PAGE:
"I have never felt it!" cried the Blind Daughter. "I have never felt it to its fulness. Never! I have sometimes wished that I could see you, only once, dear father, only for one little minute, that I might see what I treasure up....But I have never had these feelings long. They have passed away and left me tranquil and contented."
This statement, assuring her father that she has never viewed her blindness as an affliction, opens her father’s eyes (see what Charles Dickens did there?) to the truth that her blindness does not make her broken or afflicted, but just as full as life as anyone else. And slowly, her father and other characters begin to see that this is true and enjoy being in Bertha’s company. And they begin to learn about the deaf Stranger and who he really is.
<center><small>Photo credit: picturesfromanoldbook.blogspot.ca</center></small>
Sometimes we are not sure what to do with people with disabilities or special needs. We don’t always know what to say to them or how to treat them. But Charles Dickens reminds us that they are people just like us, with families they love, dreams and goals, and plenty of things to teach us.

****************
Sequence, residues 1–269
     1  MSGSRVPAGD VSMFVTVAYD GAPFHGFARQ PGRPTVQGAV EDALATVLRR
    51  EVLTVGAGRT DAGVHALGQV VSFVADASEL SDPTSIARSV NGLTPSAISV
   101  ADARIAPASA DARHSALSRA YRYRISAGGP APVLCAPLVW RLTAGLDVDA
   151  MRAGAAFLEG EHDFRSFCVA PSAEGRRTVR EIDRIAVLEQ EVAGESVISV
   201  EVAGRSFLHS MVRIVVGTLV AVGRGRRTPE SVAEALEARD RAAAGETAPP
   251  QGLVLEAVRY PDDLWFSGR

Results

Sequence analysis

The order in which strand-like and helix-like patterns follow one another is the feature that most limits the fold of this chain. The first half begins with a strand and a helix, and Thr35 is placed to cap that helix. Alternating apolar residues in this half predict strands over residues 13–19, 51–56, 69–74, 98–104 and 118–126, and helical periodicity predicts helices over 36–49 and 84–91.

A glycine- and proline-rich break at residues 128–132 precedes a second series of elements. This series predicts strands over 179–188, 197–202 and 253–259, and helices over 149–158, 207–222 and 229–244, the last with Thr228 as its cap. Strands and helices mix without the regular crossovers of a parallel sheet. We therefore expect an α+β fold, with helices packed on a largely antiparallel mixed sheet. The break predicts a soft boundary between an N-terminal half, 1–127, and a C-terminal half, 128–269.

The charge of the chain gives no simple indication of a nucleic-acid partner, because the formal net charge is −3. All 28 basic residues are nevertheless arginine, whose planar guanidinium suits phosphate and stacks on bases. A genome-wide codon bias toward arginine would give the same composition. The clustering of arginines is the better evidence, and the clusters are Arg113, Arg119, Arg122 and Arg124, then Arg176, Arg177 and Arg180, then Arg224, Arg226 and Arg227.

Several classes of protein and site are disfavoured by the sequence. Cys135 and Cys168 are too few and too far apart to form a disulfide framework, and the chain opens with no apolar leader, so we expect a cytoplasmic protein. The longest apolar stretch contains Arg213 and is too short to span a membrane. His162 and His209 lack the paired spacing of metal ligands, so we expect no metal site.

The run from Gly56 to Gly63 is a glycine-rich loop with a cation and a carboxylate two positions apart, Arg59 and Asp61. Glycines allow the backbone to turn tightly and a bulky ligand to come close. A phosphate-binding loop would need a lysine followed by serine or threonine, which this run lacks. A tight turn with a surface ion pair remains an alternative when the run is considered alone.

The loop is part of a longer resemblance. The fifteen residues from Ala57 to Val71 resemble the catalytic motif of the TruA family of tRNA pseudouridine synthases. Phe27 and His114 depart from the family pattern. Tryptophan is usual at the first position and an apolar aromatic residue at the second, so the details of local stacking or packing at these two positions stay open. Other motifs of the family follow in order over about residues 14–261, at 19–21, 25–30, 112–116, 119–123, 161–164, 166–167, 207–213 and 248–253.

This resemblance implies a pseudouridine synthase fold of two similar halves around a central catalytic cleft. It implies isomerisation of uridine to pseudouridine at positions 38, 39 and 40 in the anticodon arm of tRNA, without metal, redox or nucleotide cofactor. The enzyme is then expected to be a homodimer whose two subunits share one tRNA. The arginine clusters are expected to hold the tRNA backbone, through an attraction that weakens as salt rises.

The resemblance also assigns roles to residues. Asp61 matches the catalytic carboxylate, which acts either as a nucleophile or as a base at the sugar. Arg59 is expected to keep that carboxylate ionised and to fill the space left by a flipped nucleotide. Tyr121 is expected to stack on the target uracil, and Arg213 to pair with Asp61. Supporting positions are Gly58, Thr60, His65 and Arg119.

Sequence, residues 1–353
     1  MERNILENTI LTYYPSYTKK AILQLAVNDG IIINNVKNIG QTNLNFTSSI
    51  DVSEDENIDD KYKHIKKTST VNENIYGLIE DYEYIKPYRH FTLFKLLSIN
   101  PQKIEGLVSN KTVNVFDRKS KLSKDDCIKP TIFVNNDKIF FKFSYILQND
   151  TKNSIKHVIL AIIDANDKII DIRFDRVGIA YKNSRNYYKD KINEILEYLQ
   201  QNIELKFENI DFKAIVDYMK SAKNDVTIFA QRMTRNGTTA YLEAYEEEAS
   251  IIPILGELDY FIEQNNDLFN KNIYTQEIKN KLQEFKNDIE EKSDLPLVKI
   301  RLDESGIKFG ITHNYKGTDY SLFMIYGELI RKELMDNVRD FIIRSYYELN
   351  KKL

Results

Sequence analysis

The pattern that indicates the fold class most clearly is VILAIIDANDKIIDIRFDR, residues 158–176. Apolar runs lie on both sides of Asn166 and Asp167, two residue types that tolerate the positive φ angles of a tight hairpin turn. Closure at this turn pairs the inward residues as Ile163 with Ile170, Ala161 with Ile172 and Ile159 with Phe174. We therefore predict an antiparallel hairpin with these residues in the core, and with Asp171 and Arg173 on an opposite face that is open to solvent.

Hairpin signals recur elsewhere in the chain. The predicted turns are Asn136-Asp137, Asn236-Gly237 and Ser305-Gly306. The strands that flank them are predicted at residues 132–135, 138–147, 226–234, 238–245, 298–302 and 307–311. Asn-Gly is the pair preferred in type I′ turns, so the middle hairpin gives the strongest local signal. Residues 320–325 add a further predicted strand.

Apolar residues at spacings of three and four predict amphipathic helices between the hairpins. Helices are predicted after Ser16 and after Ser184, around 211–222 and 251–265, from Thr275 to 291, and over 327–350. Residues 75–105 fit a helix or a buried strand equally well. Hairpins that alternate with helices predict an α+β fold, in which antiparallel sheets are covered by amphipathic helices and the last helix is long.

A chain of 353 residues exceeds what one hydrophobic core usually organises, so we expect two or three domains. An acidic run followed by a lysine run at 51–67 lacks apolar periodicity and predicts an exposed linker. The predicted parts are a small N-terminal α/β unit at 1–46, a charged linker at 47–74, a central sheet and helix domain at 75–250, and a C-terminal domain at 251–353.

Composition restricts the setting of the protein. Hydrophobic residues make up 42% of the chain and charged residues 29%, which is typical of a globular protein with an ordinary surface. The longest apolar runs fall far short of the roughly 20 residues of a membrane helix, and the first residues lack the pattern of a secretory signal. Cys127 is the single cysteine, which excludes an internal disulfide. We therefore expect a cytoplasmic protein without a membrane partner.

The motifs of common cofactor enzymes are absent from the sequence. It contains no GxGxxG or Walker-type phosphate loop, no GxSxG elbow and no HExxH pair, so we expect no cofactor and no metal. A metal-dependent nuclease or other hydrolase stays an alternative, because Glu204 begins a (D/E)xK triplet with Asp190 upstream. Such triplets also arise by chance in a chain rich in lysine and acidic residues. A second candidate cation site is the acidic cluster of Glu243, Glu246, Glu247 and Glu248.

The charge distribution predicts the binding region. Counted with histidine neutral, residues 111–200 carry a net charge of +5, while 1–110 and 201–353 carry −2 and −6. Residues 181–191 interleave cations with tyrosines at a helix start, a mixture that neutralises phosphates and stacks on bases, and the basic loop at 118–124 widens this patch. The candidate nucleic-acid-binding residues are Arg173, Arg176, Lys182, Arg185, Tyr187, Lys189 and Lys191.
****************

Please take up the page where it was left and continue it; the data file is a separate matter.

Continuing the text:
In one poignant passage in A Christmas Carol, we read about a conversation Bob Cratchitt and Mrs. Cratchitt had after Bob and Tiny Tim returned from a church service on Christmas morning.
“And how did Tim behave?” asked Mrs. Cratchitt… “As good as gold,” said Bob, “and better. Somehow he gets thoughtful, sitting by himself so much, and thinks the strangest things you heard. He told me, coming home, that he hoped the people saw him in church, because he was a cripple, and it might be pleasant to them to remember, upon Christmas Day, who made the lame beggars walk, and the blind man see.”
Ebeneezer Scrooge at first only sees Tiny Tim’s disability, but eventually he begins to see past it and see the character of Tiny Tim, and begins to genuinely care about the boy. It seems as if anybody who is around Tiny Tim can find his thoughtful and cheerful spirit contagious if they choose to not focus on the fact he was ‘a cripple’.
And in A Cricket on the Hearth, the main characters begin to see that the deaf Stranger and the Blind Daughter are much more than those labels. They both have names and stories and personalities and things to teach them, and they are happy to embrace them for those things and include them.
Thank you Charles Dickens for teaching us that people are more than their diagnoses or disabilities in these Christmas novellas. In the words of Dickens and Tiny Tim -- words that unite us all, despite our social class, race, gender, or ability -- "God bless us, every one!"